As such, as we have written on previous occasions, there appears to be a scramble between Russia and US forces to be the first to gain control over these two cities. Here Reuters notes that the dozens of U.S. special operations forces now in Syria are working closely with a collection of Syrian Arab groups within an alliance that is still dominated by Kurdish forces. The United States has been supplying Arabs in the thousands-strong alliance with ammunition since October.

While the strategy is showing results so far, U.S. officials and Kurdish leaders agree that a predominately Arab force is needed to take Raqqa, a majority Arab city whose residents would consider Kurds as occupiers.

That is unless the Syrian army, supported by Russia, isn’t able to liberate the city first.

Meanwhile, in a separate report, the Daily Beast reports that there while there are currently only 5,000 U.S. troops in Iraq—about what a colonel usually commands. But for this ISIS war, as many as 21 generals have been deployed (to a war the US denies fighting). More:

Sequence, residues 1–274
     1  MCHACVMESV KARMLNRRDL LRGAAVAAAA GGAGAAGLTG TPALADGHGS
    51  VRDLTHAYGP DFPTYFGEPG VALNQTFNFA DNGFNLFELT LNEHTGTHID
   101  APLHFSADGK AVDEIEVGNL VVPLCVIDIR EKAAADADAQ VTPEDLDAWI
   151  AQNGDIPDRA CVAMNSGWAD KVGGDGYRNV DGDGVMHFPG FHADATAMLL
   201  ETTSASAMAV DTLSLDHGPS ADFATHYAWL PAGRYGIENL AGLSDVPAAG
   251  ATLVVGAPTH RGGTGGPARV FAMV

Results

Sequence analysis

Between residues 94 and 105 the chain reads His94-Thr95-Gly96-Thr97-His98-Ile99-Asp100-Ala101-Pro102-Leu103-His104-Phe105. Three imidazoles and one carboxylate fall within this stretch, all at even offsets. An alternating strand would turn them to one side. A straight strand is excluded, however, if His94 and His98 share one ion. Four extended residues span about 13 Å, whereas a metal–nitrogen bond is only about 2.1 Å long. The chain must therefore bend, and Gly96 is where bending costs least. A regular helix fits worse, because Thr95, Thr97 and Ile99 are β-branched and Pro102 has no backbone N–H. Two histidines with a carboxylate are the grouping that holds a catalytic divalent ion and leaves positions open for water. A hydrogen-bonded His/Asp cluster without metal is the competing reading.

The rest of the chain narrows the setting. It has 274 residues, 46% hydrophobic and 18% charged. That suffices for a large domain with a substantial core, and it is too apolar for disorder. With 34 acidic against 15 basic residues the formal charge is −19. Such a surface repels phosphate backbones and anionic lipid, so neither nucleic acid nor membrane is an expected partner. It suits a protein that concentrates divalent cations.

In the war against the self-proclaimed Islamic State, the U.S. military is notably short on soldiers, but apparently not on generals.

There are at least 12 U.S. generals in Iraq, a stunningly high number for a war that, if you believe the White House talking points, doesn’t involve American troops in combat. And that number is, if anything, a conservative estimate, not taking into account the flag officers running the U.S. air war, the admirals helping wage the war from the sea, or their superiors back at the Pentagon.